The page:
## Average speed and average velocity??

Hello
Dose a particle having a uniform circular motion may have some average velocity, although it is accelerating?? And how to find it? If yes, it has some average velocity then, whats its relation with average speed?
"IAM CONFUSED THAT THE PARTICAL VELOCITY IS KEEP ON CHANGING DUE TO CHANGE IN IT'S VECTOR'S DIRECTION SO CAN WE APPLY SIMPLE STRIGHT LINE MOTION FORMULA (CHANGE IN VELOCITY/CHANGE IN TIME) OR SOME SPECIAL FORMULA??"
 PhysOrg.com science news on PhysOrg.com >> King Richard III found in 'untidy lozenge-shaped grave'>> Google Drive sports new view and scan enhancements>> Researcher admits mistakes in stem cell study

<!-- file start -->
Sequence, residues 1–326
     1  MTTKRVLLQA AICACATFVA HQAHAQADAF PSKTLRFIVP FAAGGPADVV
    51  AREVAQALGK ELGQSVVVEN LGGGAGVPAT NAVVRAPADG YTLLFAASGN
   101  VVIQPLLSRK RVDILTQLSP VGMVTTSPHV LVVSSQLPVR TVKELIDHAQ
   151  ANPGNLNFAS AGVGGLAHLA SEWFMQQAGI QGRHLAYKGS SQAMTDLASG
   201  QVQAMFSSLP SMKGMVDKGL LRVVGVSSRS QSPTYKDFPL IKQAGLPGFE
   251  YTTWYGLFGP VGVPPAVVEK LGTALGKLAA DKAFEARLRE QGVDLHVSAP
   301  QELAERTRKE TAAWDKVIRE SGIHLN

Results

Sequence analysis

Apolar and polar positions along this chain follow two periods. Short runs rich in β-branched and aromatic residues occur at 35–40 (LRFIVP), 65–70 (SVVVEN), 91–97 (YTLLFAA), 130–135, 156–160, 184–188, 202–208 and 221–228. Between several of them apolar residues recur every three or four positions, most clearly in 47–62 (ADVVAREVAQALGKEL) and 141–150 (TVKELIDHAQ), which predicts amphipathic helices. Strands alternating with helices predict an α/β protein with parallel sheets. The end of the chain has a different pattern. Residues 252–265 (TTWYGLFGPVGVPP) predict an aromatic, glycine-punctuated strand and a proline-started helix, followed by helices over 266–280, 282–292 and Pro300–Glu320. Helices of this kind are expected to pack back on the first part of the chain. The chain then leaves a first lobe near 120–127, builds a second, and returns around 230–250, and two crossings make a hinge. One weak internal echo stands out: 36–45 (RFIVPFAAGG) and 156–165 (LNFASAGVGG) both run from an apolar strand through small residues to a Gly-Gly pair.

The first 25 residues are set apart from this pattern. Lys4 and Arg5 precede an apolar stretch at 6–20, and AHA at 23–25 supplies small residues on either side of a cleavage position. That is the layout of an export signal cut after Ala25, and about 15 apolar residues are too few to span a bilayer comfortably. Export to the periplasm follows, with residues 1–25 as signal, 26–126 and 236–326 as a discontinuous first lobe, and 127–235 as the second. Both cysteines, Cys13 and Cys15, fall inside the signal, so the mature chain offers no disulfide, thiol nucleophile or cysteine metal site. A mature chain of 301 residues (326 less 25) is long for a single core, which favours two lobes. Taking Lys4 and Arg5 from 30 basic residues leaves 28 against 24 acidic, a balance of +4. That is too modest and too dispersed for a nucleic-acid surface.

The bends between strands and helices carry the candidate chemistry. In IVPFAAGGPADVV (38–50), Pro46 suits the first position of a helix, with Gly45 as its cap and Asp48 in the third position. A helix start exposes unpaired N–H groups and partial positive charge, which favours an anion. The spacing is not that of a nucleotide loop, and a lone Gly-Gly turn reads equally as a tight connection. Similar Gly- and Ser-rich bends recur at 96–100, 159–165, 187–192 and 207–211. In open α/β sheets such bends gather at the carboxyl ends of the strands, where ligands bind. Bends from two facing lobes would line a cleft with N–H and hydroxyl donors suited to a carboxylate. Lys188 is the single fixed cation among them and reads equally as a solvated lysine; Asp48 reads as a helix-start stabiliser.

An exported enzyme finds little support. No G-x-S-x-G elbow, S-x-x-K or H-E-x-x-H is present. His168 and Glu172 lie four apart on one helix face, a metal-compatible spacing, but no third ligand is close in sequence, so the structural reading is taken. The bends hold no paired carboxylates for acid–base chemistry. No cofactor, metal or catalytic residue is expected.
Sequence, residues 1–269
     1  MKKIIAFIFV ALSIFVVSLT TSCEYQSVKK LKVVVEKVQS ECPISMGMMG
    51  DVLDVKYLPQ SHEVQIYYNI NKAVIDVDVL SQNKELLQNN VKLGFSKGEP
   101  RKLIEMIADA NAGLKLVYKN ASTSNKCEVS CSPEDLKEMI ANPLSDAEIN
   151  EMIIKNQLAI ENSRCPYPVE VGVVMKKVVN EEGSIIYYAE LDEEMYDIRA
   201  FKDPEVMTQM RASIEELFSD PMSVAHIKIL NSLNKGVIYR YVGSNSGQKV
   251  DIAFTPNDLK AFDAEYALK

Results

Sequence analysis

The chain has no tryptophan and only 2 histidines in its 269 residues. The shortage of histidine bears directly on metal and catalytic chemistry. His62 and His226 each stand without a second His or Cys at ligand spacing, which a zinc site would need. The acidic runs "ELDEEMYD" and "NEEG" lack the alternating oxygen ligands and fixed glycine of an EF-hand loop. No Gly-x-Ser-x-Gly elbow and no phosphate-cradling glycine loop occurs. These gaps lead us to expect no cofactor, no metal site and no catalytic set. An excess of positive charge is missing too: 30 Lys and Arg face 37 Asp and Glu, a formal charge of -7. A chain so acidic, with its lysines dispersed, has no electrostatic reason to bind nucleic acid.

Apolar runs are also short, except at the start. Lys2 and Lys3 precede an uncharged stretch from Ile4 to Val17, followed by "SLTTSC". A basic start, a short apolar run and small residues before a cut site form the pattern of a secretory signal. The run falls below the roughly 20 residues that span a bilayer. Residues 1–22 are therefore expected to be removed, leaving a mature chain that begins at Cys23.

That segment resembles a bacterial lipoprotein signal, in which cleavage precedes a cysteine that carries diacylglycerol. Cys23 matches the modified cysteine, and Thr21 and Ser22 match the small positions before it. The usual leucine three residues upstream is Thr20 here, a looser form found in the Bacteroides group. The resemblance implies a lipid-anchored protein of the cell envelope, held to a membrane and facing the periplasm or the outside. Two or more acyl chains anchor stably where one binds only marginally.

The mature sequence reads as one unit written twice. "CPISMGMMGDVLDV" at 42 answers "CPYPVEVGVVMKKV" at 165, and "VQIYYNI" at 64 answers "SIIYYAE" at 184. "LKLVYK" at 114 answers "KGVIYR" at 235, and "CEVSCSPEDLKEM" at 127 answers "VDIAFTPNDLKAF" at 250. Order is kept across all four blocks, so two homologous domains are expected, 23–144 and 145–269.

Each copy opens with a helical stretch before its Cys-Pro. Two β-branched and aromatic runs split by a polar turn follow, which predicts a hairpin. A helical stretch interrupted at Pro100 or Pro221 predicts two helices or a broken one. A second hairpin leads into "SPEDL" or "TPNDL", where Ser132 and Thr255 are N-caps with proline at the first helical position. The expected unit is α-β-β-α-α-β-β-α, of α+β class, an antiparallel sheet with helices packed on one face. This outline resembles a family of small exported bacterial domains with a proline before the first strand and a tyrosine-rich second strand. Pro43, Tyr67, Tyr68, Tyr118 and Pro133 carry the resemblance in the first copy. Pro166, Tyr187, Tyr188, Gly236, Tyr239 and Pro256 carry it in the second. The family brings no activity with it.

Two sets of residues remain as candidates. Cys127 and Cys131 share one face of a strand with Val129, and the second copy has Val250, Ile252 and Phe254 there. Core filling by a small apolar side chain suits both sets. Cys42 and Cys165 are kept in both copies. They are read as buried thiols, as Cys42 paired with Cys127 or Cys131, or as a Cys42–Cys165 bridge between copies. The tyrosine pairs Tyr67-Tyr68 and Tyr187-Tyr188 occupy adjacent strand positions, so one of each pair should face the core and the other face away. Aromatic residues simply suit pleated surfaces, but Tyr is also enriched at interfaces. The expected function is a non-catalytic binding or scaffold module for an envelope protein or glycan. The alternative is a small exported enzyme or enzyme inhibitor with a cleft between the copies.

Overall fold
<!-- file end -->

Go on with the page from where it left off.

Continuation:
Recognitions: Homework Help Average speed is simply the distance covered divided by the time taken to cover that distance. Average velocity is a bit different, since velocity is a vector. When working with vectors, then the average velocity is the simple average of the initial and final velocities. For example, in circular motion. Let the initial velocity at some point be v. After half a revolution, or 180 degrees, the velocity will be -v. So, in the case of movement around half a circle, the average velocity is $$(v_f + v_i)/2 = (\mathbf{v} - \mathbf{v})/2 = 0$$ When a full circle is traversed, the final velocity will be v again, the same as the starting velocity, and in this case, the average velocity will be $$(v_f + v_i)/2 = (\mathbf{v} + \mathbf{v})/2 = \mathbf{v}.$$ So, in circular motion, although the average speed is constant, the average velocity depends on the distance traversed.